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Buffers (electronics)

Electronic circuits whose primary function is to connect a high-impedance source to a low-impedance load without significant attenuation or distortion of the signal. Thus, the output voltage of a buffer replicates the input voltage without loading the source. An ideal voltage buffer is an amplifier with the following properties: unity gain, AB = 1; zero output impedance, Zout = 0; and infinite input impedance, Zin = ∞. For example, if the voltage from a high-impedance source, say a strain-gage sensor with 100 k&OHgr; output resistance, must be processed by further circuitry with an input impedance of, say, 500 &OHgr;, the signal will be attenuated to only 500/100,500 ≈ 0.5% of the sensor voltage if the two circuits are directly connected, whereas the full strain-gage voltage will be available if a buffer is used.

Buffers are generally applied in analog systems to minimize loss of signal strength due to excessive loading of output nodes (illus. a). Two kinds of circuits are frequently used: the operational-amplifier-based buffer and the transistor follower.

Buffer circuitenlarge picture
Buffer circuit

The operational-amplifier-based buffer circuit (illus. b) is based on an operational amplifier (op amp) with unity-gain feedback. The open-loop gain, A(s), of the operational amplifier should be very high. To form the buffer, the amplifier is placed in a feedback loop. The buffer gain, AB(s), is then given by Eq. (1).

Here, s = j&ohgr; is the Laplace transform variable, j = -1; &ohgr; = 2&pgr;f is the radian frequency in radians per second (rad/s); and f is the frequency in hertz (Hz). The magnitude of AB is approximately equal to unity, that is, |AB| approaches 1, if |A| becomes very large. A common representation of the frequency dependence of the operational-amplifier gain is given by Eq. (2),
where &ohgr;t is the operational amplifier's unity-gain frequency. By using this notation, Eq. (1) becomes Eq. (3),
which shows that the buffer's bandwidth is approximately equal to the unity-gain frequency of the operational amplifier, typically 1 MHz or higher.

Under the assumption that the frequency of interest is much less than &ohgr;t, it follows from Eq. (2) that the magnitude of the operational-amplifier gain, A(s), is much greater than 1. In that case, it can be shown that, because of the feedback action, the buffer's input impedance is much larger than that of the operational amplifier itself [by a factor of A(s)]. Similarly, the buffer's output impedance is much smaller than that of the operational amplifier [again, by a factor of A(s)].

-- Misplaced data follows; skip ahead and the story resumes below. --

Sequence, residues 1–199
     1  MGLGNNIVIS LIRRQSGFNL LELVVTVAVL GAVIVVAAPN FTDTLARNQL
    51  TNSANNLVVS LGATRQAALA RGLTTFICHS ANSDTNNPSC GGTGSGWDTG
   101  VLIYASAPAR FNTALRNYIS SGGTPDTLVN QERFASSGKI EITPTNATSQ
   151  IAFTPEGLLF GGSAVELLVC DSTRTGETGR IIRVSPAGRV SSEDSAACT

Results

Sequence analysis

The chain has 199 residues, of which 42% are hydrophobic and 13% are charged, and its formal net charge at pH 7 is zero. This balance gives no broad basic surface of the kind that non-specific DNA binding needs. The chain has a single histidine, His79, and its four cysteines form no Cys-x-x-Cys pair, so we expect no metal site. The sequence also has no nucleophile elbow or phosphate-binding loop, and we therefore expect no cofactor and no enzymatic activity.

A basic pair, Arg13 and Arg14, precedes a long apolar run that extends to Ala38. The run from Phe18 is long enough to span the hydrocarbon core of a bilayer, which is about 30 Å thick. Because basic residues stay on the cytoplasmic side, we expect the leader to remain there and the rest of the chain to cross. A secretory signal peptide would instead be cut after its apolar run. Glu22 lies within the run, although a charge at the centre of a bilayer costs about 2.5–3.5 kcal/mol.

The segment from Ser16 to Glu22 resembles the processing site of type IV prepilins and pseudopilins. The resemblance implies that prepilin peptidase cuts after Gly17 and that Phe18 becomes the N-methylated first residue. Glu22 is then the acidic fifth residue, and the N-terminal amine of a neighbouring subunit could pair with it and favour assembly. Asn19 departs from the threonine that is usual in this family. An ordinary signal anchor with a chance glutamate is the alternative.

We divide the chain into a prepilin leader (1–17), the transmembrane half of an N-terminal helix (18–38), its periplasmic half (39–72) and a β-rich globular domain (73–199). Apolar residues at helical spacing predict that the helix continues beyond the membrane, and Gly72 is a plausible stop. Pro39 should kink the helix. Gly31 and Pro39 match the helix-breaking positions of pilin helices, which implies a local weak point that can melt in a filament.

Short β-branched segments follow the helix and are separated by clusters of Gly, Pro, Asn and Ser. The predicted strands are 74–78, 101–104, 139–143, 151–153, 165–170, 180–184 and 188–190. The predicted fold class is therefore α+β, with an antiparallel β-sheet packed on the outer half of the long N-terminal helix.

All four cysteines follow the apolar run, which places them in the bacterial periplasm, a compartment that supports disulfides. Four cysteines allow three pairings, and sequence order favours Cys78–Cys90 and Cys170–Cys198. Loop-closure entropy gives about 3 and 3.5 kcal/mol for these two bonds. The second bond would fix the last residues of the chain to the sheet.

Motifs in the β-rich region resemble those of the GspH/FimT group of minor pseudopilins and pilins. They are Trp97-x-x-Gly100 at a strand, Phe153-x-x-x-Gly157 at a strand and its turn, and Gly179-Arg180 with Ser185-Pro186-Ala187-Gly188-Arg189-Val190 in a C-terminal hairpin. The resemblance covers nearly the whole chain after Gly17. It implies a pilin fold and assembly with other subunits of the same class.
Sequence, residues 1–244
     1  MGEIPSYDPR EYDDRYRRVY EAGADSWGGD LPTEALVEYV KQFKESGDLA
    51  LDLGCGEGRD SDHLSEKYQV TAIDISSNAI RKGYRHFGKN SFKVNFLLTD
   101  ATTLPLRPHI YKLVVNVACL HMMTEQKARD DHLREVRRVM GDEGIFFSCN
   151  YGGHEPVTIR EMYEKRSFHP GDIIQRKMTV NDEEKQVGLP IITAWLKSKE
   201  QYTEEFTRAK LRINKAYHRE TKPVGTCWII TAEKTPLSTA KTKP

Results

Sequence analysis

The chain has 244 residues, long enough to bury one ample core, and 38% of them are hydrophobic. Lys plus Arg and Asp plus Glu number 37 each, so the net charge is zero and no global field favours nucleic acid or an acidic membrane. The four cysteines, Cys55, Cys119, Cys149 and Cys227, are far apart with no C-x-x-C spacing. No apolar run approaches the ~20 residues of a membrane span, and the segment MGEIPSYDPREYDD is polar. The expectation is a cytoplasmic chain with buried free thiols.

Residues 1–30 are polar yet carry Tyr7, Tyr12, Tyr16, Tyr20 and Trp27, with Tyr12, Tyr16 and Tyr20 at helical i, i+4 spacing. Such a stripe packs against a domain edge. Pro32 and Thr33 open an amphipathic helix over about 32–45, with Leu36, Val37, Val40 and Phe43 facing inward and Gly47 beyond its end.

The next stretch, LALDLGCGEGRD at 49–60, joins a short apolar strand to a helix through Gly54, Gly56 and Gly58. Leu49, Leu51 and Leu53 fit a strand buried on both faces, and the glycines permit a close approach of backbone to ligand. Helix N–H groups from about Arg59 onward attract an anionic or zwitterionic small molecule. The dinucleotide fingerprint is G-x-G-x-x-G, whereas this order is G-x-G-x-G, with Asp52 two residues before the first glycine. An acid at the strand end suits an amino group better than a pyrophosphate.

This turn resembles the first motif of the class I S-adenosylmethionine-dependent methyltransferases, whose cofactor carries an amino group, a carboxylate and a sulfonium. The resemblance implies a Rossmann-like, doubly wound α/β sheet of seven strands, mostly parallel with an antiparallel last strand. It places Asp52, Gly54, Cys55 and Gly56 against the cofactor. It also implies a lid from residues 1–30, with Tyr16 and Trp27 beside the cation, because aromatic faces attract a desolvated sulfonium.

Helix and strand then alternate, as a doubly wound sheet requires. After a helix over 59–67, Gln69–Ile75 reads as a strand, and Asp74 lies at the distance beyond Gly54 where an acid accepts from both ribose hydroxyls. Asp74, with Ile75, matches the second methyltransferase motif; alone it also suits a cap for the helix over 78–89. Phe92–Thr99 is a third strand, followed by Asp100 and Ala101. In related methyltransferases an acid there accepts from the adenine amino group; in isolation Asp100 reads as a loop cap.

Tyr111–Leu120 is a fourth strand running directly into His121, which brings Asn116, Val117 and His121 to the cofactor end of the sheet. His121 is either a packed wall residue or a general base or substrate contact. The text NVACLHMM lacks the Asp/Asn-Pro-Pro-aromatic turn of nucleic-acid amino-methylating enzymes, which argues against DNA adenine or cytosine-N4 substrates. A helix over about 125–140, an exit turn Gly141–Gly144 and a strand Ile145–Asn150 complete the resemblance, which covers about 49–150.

The very low output impedance of operational-amplifier-based buffers assures that a load impedance, ZL(s), does not affect the buffer's gain, AB. Also, operational-amplifier-based buffers have no systematic offset. The high-impedance input node of a buffer may in practice have to be shielded to prevent random noise from coupling into the circuit. This shielding can be accomplished with a coaxial cable. To eliminate the capacitive loading of the source by the effective input capacitance of the cable, the shield can be driven with the output voltage of the buffer so that no voltage difference exists between the signal line and the shield. The driven shield is referred to as the guard. See Amplifier, Operational amplifier

The bipolar junction transistor (BJT) emitter follower and the field-effect transistor (FET) source follower are very simple but effective buffer circuits. Both consist of a single transistor and a bias-current source; they are used in applications where power consumption and circuit area must be reduced to a minimum or where specifications are not too demanding.

The performance of a transistor follower circuit depends strongly on the source and load impedances, that is, on the surrounding circuitry. In fact, the transistors are so fast that the frequency response is usually determined by loading. In general, follower circuits exhibit a systematic direct-current (dc) offset equal to the base-to-emitter voltage, VBE, in BJTs and equal to the gate-to-source voltage, VGS, for FET. Only followers made with depletion-mode field-effect transistors can be biased with zero VGS to avoid this offset. See Emitter follower, Transistor

Buffer circuits should have small dc offset voltages (dc outputs when no input is applied), small bias currents (to minimize the effect of high-impedance sources), large linear signal swing (to minimize distortion), and high slew rate (to handle fast transitions of the applied signals).

Buffers should have a low-frequency gain of unity and wide bandwidth (to reproduce the applied signals faithfully), low phase margins (to prevent peaking and overshoots), and low equivalent input-referred noise (to have wide dynamic range). Field-effect-transistor input buffers exhibit the lowest noise for high-impedance signal sources. See Gain

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